Engagement, a sculpture by Dennis Oppenheim (b. 1938), marks the street-side entrance to the Nevada Museum of Art in Reno. Comprised of two enormous steel rings topped by houses-as-jewels, it is apparently a monument to the institution of marriage. It also ties directly to Reno's history of quick marriage and easy divorce.
One of three versions, Engagement was constructed in 1998 (the other two are at the Stadtgemeinde Leoben in Leoben, Austria, and in Palm Beach, Florida.) The two nearly thirty-foot-high steel rings tilt away from each other. Sitting atop the rings, in place of gems, are two steeple-roofed houses made of steel and glass and illuminated from within by industrial lamps. The houses are tilted and seem precariously balanced, an effect even more pronounced at night when they are lit and the support rings are dark. The lit houses appear to float, unanchored, if there is not a lot of ambient street light. However, the jewels-as-houses are firmly anchored to their rings. By turning the traditional diamond into a dwelling, Oppenheim suggests the dynamics of a union between two people–anchored in the traditional bonds of marriage but at all times precarious; as dependent on the integrity of those bonds as the stability of the sculpture is dependent on the integrity of its construction.
Oppenheim has historically been considered a Conceptual artist. Conceptual Art emerged in the 1970s, seeming to extend the notion of Minimalism to its furthest point: the object was no longer required. Art could exist as an idea and the documentation of that idea. A significant amount of Conceptual Art was thus ephemeral. Oppenheim's early artworks are known today only through photo documentation. Later works returned to the use of physical objects. Still, as Oppenheim himself took care to point out in an interview with Diane Deming [now Evans] in the Nevada Museum of Art catalogue Galloping Through the West, in most of his sculpture, ideas precede the object, and the object's meaning is often dependent on the artwork's title.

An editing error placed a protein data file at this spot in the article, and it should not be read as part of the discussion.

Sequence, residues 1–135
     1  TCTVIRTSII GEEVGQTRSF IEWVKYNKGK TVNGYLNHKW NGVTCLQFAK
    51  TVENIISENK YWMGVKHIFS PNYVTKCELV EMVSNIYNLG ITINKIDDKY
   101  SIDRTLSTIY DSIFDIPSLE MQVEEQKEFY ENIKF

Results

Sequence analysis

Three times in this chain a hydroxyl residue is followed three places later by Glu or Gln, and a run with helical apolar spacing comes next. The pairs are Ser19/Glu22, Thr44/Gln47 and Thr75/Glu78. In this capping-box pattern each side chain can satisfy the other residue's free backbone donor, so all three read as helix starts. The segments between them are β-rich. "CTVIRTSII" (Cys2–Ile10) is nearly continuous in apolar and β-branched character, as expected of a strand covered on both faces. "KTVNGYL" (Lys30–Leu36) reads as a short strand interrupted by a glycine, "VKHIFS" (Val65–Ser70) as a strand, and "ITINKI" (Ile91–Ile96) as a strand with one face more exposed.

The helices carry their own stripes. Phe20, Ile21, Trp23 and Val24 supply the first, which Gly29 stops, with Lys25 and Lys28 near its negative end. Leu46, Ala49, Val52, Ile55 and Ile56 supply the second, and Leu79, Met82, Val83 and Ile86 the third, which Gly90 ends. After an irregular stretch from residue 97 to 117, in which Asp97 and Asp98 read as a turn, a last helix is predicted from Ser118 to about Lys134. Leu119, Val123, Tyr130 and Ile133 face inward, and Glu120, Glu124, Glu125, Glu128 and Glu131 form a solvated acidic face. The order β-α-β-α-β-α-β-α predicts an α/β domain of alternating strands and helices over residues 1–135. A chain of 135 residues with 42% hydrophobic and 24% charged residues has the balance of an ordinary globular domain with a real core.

In the 1990s Oppenheim moved away from museum/gallery objects and installations into the realm of public art. This change of focus opened up possibilities of scale although Oppenheim did not abandon the basic principle of Conceptual Art. Engagement is an example of that process.
At the same time the scale of Engagement, almost outlandish in its translation of the traditional solitaire engagement ring, suggests Pop Art. Pop Art rejected the traditional subjects of high art and turned instead to the products and objects of the consumer-based, mass production environment. The result was often at once disturbing and humorous. Indeed, it was left to the observer to reconcile whatever meanings and absurdity resulted from the dislocation of an object from the everyday into art.
As he did in a lecture at the Nevada Museum of Art in 2003, Oppenheim often declines to provide full explanations of his artwork, leaving the interpretation to the viewer. With Engagement Oppenheim appears to cut across neat art historical definitions, creating an object that comments on the nature of marriage, serendipitously connects to local history, and portrays humor in its large-scale restatement of a normally dainty object.